By David A. Brown
Special to BassFan
A lot of anglers spend a lot of time on the road, but for Rob Lever, it was a particular road that led him to the hugely impactful role he now plays in the lives of some special folks.
For the past 5 years, the New Bedford, Mass. resident has operated We Love to Fish — a program conceived and created with the simple, yet deeply meaningful objective of providing intellectually disabled adults with an enjoyable day on the water.
A self-described “rabid angler” with a local tournament background, Lever says he’s found the passion and purpose we all seek through his benevolent work. It’s an interesting and inspiring concept, but first, let’s look at how he got here.
Coming from a corporate IT background, Lever decided he needed a change from the daily grind. Seeking something more meaningful, he went to work for Road to Responsibility (RTR) — a Boston-based non-profit serving intellectually disabled adults.
“I used to bring my boat to work every day and when I did, a bunch of guys in the program would always ask to go fishing,” Lever said. “That’s really how We Love to Fish was born.
“I worked for the agency that housed and employed this type of individual and whenever one of them would ask me to take them fishing, I was like ‘Why don’t I take them fishing?’”
Acting on the inspiration, Lever drew up a plan of action and presented it to the agency’s CEO.
“I had only been at RTR about 4 months at this point,” he said. “I didn’t know any of the upper management; I just knew that I wanted to take these guys fishing.”
With his concept well-received, Lever worked with upper management to draw up some parameters and launch the effort.
The Maiden Voyage
Notably, his first trip – a May outing to a small southeastern Massachusetts pond – could very well have sunk the program. But instead, it reinforced Lever’s belief in his vision.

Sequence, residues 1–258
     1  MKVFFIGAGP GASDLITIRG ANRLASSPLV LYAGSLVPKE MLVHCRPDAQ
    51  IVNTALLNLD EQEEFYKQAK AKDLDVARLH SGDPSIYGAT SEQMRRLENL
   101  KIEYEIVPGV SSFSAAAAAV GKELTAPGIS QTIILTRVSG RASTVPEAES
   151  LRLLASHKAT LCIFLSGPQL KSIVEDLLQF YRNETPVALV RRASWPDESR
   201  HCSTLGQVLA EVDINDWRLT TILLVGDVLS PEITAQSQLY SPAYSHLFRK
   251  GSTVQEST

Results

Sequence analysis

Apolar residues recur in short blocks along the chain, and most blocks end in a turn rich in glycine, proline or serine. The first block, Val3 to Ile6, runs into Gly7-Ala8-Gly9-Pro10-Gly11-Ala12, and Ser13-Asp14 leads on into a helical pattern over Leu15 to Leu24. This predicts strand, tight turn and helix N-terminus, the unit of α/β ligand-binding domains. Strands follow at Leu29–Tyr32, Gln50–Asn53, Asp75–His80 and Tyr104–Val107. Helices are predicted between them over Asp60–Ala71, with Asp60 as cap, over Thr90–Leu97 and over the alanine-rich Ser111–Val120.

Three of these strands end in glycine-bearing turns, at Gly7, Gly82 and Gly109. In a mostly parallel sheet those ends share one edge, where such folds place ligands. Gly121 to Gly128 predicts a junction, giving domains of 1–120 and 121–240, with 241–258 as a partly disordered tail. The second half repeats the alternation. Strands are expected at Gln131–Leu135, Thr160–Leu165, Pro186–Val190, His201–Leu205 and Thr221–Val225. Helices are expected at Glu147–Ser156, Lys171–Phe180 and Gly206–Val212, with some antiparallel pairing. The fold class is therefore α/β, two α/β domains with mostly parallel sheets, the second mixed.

“It was a brutal day; it was pouring, thundering and lightning,” he recalls. “I had never had any experience with any of the population with the various disabilities that I work with now.
“We were sitting at the launch and I was totally freaking out. I kept asking him, ‘Do you just want to go in?’ But he looked at me and said: ‘I want to fish.’”
Off they went and within minutes, the rain ceased, the sun came out and two anglers – two friends on a boat – caught fish.
It felt like one of those “meant to be” moments, Lever said.
“It was magical; I could not believe I was watching this gentleman catch fish. If you saw him and judged him on the outside, you’d think there’s no way this guy could go out and fish.
“His reactions were very slow, but he had a very good sense of humor and he was in it to catch. I think he caught about 30 fish that day.”
In the inaugural year, Lever ran 10 We Love to Fish trips. The next year, he ran 20 trips and by year 3, he was up to 80.
Now, Lever spends about half of his year attending to his duties as Road to Responsibility’s communications director and the rest hosting guests through a more formalized version of We Love to Fish, which officially operates through Road to Recovery. April through October finds him on the water 5 days a week, weather permitting.
He currently takes no salary from the fishing side, but RTR assists with funding and logistics. Lever also coordinates a “Support Team” comprising industry sponsors such as Duckett Fishing, along with non-endemics and private contributors.